Mayor Stewart, who continues to face strong public opposition about the pending sale of the 1.5 million gallon a day Patton Brook Well as drought conditions force the city to buy water from the Metropolitan District Commission, cites the revenue  ($15 million) the city would obtain from a multi million dollar lease and the long-term benefits of Ireland-based Tilcon creating a small reservoir over the next generation. That reservoir would provide no more than 160,000 gallons a day by the year 2050.

Since Tilcon revived its expansion project this year Stewart has been its biggest cheerleader at first pushing for completion of the study without measuring the ecological impact.  She originally sought to have the study wrapped up this fall.

Her administration has also engaged Gaffney Bennett Associates, a high powered New Britain-based lobbying firm, on behalf of the city on the issue at the same time Gaffney Bennett works for Tilcon Inc. to grease the governmental skids for project approval. Those relationships raise blatant conflicts of interest that have been ignored by both state and city governments.

Attorney Paul Zagorsky, an opponent of the Tilcon expansion and part of a multi-town coalition of citizens (Protect Our Watersheds CT and the Bradley Mountain Alliance), called  out the Stewart administration for its conflicts and  lack of transparency in an August 7th New Britain Herald letter to the editor:

“In her July 28th letter to the WPC the mayor states she was ‘dismayed to learn that the CEQ passed a motion yesterday rescinding their approval of Lenard Engineering.’ While Gilbert Bligh, head of the city’s Water Department was at that CEQ meeting, he did not speak, no one from the city did. I am dismayed the city has withheld and/or provided misleading information to the public and the state, that the Lenard study is a Tilcon quarry feasibility study and not an environmental study, that Lenard is a long time contractor for the city and not ‘independent,’ and that the city is working with Tilcon’s lobbyists on this.”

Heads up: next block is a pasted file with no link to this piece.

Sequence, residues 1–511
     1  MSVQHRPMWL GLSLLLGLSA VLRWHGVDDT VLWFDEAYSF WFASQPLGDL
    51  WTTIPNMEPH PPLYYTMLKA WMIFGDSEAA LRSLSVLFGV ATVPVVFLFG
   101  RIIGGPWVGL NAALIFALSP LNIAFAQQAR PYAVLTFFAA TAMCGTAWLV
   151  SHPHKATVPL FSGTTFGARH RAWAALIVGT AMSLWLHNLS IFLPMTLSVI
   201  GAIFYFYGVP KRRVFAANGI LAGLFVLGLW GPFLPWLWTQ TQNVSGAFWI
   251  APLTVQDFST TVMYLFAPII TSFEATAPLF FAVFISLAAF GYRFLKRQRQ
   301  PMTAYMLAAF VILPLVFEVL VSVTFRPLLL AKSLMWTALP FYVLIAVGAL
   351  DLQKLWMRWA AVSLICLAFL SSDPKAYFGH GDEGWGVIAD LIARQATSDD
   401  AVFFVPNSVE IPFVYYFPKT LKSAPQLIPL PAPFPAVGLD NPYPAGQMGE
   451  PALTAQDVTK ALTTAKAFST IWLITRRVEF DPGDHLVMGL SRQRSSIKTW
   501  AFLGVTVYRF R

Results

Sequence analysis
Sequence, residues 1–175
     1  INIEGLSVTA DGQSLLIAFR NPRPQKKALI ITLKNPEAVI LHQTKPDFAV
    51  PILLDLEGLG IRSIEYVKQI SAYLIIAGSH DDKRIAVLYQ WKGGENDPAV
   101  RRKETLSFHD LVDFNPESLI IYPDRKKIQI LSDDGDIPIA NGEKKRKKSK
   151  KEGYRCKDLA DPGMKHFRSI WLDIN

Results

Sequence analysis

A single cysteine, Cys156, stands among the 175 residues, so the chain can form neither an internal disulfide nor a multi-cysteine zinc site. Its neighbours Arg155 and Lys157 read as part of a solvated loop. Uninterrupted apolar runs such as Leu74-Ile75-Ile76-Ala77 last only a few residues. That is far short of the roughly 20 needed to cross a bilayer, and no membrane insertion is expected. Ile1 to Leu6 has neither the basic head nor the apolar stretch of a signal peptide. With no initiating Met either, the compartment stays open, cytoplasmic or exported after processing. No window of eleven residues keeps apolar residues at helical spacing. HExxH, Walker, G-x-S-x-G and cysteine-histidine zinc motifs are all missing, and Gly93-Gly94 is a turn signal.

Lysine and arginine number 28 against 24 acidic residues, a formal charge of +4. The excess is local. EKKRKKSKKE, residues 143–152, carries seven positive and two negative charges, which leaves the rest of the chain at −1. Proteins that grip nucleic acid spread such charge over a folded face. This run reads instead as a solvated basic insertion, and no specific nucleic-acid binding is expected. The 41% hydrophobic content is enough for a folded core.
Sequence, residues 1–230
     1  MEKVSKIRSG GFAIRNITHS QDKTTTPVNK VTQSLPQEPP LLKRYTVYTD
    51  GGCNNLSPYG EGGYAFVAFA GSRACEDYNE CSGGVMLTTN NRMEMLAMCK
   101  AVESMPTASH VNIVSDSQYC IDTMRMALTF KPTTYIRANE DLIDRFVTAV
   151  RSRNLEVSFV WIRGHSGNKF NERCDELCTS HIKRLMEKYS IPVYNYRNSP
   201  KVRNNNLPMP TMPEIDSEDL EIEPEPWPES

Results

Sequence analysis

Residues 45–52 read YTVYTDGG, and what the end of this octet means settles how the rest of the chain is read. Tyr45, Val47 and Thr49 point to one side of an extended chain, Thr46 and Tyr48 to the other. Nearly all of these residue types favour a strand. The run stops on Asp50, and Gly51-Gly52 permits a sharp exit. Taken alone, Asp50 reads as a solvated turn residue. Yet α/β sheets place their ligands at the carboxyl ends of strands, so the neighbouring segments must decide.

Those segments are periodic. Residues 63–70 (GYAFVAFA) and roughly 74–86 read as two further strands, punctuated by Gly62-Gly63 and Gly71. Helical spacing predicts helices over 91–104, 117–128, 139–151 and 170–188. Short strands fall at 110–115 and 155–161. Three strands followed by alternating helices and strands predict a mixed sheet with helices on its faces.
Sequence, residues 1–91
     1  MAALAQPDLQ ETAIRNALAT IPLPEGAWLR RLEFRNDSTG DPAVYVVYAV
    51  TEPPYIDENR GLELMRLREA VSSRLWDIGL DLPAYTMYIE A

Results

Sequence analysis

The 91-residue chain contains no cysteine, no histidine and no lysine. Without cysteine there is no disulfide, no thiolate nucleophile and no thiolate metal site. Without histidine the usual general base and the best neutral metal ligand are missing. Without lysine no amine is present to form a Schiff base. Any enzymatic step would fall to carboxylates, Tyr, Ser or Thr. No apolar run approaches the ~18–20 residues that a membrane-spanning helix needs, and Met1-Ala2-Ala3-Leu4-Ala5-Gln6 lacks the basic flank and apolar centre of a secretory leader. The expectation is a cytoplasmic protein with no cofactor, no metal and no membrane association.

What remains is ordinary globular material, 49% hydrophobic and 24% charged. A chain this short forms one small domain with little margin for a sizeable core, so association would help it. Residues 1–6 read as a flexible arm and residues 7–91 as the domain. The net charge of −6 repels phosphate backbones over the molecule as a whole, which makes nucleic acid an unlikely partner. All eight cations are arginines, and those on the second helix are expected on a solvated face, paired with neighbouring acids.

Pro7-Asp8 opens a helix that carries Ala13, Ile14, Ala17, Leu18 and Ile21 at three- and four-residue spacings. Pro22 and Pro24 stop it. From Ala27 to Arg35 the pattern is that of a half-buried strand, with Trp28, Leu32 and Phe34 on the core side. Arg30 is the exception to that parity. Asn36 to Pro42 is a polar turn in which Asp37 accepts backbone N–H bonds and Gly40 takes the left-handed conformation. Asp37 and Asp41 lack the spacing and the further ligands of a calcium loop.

The absence of  transparency and obvious conflicts of interest around the Stewart administration and water issues should prompt the Common Council to demand more accountability. That includes asking  how much has been expended so far by Lenard Engineering and why $17,500 more is necessary.

The state law adopted this year requires an “independent” study about Tilcon’s expansion and what New Britain’s long-term water needs are. The spirit and letter of that law and the laws protecting the watershed need to be followed.

 

 

 

 

 

 

 

 

 

 

 

The Selling Of Patton Brook Well: Will New Britain Get A Fair Price To Help Southington Address Its Water Crisis?

Mayor Stewart’s Lowered $1 Million Price Drastically Undervalues Patton Brook Well 

By John McNamara

A Monday, July 11th public hearing at New Britain City Hall will take up a proposed sale of the city’s Patton Brook Well in Southington as that town’s water commission faces growing challenges to address its need for water in the sprawling suburban community of 42,000.

The sale of the well — part of New Britain’s extensive and coveted regional water assets — would be an unprecedented and controversial move,  breaking with longstanding policy of leasing water rights to Southington and others in the region, but retaining city ownership for the long-term.

Hearing Notice near Patton Brook Well (photo: www.myrecordjournal.com)